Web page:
Taming Thick Hair

How do you describe your hair? Mine has always been ‘thick’, ‘heavy’ and ‘angry’. As a child (nickname: Hair Bear, see above) my big puff of curls constantly made me cry. All those knots after swimming (despite the “no tears” tangle spray) and even worse was the nit comb during a Sunday bath. My mum had a small, fine and sharp silver comb that chewed its way through every strand in search of tiny beasts, as the bath water got colder and colder. I never did get nits…

As a teenager, I took charge of my own hair maintenance – including an ill-advised bob that bulged in all the wrong places and a red semi-permanent dye that took forever to fade. In my early twenties I decided just to ignore my hair problems – brushing only when necessary, and skulking into a cheap hairdresser once every 6 months. Meanwhile, my hair shed layers across the flat and my boyfriend casually worried about how much might pile up in his stomach…

Eventually, I matured and accepted defeat. I now pay twice as much for a good hairdresser, and go twice as often. The result is, thankfully, better hair. Also a few easy and practical taming tips:

Invest in a good oil (I use Moroccan Oil)

I’ve mentioned this in previous posts, but Moroccan Oil is amazing. My (good) hairdresser put me on to this. It’s now very mainstream, but just in case you aren’t familiar and these problems are hitting home – it really is a saviour for unruly hair. Squeeze a small amount into your palm and rub it through wet hair before drying. It smooths, defrizzes, and I’ve found that dragging it through your hair with your hands is a good way to loosen tangles without brushing. If your hair is like mine, brushing makes it go poofy (ever since my teenager years, I’ve dreaded poofy – it’s a giveaway that you can’t style it). If I need to tame my hair between washes – which are every 2-3 days – I use another small amount of the oil. The brand have a wide range of hair and body products now, but the original treatment oil is enough for me. And no, I promise it won’t make your hair look greasy.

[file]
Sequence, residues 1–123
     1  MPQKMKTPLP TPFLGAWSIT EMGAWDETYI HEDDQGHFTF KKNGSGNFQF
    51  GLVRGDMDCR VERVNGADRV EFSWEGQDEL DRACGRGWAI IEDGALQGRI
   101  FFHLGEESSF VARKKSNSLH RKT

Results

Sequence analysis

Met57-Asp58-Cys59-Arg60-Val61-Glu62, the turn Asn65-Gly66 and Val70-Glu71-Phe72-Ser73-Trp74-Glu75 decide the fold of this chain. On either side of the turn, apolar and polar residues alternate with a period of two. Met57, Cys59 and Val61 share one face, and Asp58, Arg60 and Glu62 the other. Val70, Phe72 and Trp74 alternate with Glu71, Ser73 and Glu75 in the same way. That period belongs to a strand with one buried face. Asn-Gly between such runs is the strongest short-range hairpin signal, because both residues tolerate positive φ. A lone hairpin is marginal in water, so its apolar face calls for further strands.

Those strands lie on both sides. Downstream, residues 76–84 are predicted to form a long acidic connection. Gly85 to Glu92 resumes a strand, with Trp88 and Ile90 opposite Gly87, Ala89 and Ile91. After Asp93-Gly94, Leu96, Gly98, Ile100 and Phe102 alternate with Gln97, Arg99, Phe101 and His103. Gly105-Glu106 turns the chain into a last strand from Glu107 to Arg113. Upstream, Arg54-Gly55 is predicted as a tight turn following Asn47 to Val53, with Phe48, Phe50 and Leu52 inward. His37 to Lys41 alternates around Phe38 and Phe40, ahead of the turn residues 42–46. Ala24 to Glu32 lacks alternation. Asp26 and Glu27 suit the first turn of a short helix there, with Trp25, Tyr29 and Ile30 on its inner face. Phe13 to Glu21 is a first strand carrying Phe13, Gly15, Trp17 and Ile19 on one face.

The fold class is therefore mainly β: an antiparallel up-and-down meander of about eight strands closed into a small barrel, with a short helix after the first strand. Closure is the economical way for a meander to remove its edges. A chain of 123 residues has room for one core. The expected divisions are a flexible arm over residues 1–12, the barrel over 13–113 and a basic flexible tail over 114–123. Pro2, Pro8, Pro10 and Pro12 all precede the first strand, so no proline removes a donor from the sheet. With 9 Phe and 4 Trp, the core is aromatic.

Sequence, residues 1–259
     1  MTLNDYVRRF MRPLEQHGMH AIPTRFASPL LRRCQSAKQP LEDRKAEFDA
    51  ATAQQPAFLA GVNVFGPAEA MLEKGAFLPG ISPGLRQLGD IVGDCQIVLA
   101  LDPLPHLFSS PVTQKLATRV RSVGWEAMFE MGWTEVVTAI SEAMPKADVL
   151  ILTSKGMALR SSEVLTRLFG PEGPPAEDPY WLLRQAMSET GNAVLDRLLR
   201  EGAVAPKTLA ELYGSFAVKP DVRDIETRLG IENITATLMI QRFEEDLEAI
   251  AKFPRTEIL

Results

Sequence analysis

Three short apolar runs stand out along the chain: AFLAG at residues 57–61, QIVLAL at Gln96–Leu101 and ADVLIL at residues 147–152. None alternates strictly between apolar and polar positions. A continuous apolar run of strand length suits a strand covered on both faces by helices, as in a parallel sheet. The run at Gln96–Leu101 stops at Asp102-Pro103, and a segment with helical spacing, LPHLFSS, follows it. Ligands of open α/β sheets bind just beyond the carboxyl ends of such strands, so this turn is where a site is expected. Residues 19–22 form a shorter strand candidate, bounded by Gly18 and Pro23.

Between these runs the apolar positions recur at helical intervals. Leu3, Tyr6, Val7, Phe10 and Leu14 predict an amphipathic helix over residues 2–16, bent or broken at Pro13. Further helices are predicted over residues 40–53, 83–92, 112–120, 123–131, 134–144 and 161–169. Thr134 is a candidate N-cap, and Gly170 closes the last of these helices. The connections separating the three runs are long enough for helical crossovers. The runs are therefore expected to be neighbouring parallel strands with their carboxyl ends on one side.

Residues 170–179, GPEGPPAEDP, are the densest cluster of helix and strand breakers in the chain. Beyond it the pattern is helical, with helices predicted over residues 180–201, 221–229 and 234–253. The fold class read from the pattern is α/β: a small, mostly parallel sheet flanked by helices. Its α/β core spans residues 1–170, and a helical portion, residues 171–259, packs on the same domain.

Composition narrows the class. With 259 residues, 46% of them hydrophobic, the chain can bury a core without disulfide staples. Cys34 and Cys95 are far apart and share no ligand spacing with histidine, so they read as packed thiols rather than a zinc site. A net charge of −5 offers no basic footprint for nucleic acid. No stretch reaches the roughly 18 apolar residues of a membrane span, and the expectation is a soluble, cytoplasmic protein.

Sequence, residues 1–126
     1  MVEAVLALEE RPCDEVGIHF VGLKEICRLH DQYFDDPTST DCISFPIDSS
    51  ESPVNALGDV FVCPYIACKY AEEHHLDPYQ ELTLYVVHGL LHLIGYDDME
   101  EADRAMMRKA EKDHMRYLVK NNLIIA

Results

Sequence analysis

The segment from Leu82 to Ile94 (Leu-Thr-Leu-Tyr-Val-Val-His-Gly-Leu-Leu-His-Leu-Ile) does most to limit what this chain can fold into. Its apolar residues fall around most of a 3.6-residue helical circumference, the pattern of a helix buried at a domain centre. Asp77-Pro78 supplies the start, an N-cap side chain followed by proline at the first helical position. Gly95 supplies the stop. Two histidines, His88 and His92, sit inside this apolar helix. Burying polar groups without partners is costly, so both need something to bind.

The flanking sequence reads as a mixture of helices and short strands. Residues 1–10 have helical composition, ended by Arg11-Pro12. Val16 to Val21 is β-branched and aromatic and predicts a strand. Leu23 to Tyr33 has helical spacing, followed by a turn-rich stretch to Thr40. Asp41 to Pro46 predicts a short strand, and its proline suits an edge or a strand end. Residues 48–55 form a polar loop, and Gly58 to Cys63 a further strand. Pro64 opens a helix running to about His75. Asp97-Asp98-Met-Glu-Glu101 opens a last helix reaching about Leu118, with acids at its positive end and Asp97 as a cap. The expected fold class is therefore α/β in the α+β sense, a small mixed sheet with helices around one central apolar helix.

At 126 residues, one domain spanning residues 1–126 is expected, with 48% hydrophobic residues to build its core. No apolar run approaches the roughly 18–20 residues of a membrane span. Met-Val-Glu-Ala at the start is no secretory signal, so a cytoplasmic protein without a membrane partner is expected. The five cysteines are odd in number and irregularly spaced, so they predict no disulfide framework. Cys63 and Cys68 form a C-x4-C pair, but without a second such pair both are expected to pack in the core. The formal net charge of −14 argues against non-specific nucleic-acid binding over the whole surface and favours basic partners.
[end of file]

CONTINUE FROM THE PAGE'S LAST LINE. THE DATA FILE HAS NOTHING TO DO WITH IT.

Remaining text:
Stick to a consistent product routine

Like most people with thick hair, I am prone to dandruff. My main tips for this are: make sure you are scrubbing right down at the scalp with your shampoo, invest in a good anti-dandruff shampoo (rather than a cheap and harsh one!) and stick to it. Don’t use lots of different products on your hair because it will just end up very dry. I’ve been using Kerstase Specifique Bain Anti-Pelliculaire for years, and follow it with Ogx Shea Soft & Smooth conditioner – alternating with each hair wash which product I leave in for a few minutes. Then I apply Moroccan Oil after a towel dry. That’s it. I know it’s tempting to search about for the miracle product but when you find something that seems to be ok (i.e. dandruff levels are low) the best thing you can do is stick to it. You wouldn’t overload your face with constantly changing products (hopefully) so treat your hair the same way.

Dry your hair naturally or with a cold air hairdryer

My hair looks so much better when the curls can take their own time drying. But life is busy, and nobody wants to sit around soggy in winter. So I discovered that I could speed up this process by reducing the temperature on my hairdryer. It takes a little bit longer but the results are SO much better. If your hair looks frazzled, or you’re sick of trying to master the blow out, then definitely give this a go. In my experience, it looks like you’ve made more effort than you have!

Brush tactically.

Until very recently, I only brushed my hair before washing – using a heavy duty paddle brush. If it needs a bit of smoothing out between washes, I’d maybe use a round headed brush on the roots – avoiding the ends so the curls don’t frizz out into bushes. But lately I’ve been experimenting with brushing after washing and before applying the Moroccan oil mentioned above… So far, this seems to be making my hair healthier. Previously, I bought into a half-remembered rule that you ‘shouldn’t brush your hair wet, it’ll break and damage’. But since changing it up, my hair definitely feels sleeker and (I think) it’s shedding slightly less through the day. The best point for my hair is often a day or two after washing, when it has lost a bit of its bounce and it’s more malleable. There are loads of benefits to this hair type that I take for granted, and longer between washes is definitely a big one.

Having thick hair is like wearing a cat on your head – the kind that malts all over the furniture. There are definitely other tricks to tame and befriend it. But at 27, I now feel like I might be ready to like my hair… Any more help would be appreciated though.